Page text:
Fiancee’s observation log is different from the other stories here because the main character of the story is NOT the one who was reincarnated into the game. The main character is the prince and fiancé of the girl who was reincarnated into a villain’s body. It is a pretty novel setup of getting the perspective of someone who has to deal with someone who keeps blathering about reincarnation and routes and villainous deeds.
The prince (our main character) is also a bit of a scheming, slightly sadistic perfect boy. Seeing him keep his fiancée out of trouble because he finds her antics amusing is very good. The novels lose a lot of their humor later on though and become a fair bit more serious and dramatic with the prince not entirely understanding why Bertia is trying so hard to set him up with the villainous and Bertia not realizing just how much happier the prince is with her. I actually did enjoy seeing the prince morph from thinking of Bertia as this amusing play toy into being completely in love with her.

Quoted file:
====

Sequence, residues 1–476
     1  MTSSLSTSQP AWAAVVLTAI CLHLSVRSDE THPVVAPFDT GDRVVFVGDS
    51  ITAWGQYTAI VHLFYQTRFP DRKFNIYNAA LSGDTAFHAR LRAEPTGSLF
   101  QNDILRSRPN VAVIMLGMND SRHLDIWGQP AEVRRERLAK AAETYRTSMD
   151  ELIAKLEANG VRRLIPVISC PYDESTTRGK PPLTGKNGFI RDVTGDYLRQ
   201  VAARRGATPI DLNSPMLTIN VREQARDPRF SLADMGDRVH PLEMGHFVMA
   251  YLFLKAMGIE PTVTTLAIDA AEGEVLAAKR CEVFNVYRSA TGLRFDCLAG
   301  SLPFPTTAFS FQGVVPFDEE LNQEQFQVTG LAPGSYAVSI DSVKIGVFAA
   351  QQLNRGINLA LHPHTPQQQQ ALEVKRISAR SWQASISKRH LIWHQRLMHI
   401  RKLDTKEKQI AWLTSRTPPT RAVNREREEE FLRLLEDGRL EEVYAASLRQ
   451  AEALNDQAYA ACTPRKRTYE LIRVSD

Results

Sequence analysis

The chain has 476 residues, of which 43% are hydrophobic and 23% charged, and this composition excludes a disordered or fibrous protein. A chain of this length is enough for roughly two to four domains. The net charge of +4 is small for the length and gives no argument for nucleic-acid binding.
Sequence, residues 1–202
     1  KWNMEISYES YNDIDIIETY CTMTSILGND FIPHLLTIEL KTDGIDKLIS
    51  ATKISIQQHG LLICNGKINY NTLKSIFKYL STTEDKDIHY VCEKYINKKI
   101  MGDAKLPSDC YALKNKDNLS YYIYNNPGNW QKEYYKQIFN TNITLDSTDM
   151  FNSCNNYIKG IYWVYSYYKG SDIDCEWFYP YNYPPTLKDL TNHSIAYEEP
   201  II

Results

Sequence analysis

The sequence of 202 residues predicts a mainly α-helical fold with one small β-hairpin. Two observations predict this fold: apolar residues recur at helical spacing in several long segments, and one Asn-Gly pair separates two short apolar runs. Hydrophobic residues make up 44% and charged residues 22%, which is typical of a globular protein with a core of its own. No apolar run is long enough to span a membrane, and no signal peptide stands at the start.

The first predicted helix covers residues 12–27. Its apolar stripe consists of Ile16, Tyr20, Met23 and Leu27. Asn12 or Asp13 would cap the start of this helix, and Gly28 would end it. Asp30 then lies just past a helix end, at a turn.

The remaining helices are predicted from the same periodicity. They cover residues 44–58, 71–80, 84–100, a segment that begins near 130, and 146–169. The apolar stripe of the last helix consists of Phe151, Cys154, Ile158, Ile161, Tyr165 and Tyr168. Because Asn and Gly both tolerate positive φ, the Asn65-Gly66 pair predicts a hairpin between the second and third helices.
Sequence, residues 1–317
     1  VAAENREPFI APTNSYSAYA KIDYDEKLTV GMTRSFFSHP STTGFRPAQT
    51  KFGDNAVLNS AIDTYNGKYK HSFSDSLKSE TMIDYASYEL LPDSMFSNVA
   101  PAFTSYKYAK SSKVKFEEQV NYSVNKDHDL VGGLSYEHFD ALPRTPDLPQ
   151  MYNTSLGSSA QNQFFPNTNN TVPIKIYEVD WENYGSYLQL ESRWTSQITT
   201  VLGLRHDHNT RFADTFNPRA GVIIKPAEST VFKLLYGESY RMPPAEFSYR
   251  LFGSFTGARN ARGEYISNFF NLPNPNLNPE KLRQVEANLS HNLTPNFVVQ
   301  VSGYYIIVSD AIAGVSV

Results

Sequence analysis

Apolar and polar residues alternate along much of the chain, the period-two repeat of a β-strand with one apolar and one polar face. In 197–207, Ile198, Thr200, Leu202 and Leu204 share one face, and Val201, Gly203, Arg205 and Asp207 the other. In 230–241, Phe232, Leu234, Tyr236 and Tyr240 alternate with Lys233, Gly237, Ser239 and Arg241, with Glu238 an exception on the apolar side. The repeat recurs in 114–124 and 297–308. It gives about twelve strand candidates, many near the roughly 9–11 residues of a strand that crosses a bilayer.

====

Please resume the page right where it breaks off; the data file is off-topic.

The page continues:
Caveats: The manga thus far has been safe, but the web novel has a fair bit of questionable insistence on gender roles (men most defend their women, no hanky panky before marriage etc). I am especially not fond of phrases like “I hope Bertia doesn’t exercise too much, I don’t want a macho, muscular wife” (a tragically often repeated sentiment). The heroine (the original game’s heroine, not Bertia) is turned into a paper cut villain and the attitude towards her man stealing ways can feel very chauvinistic.
Still, I do genuinely like the romantic developments and the newer volumes are tense as heck, you really hope Bertia and the Prince stay together. Even the prince’s perfect facade seems to break in the latest chapters. Tense drama!
The Villainess Is Being Doted on by the Crown Prince of the Neighboring Country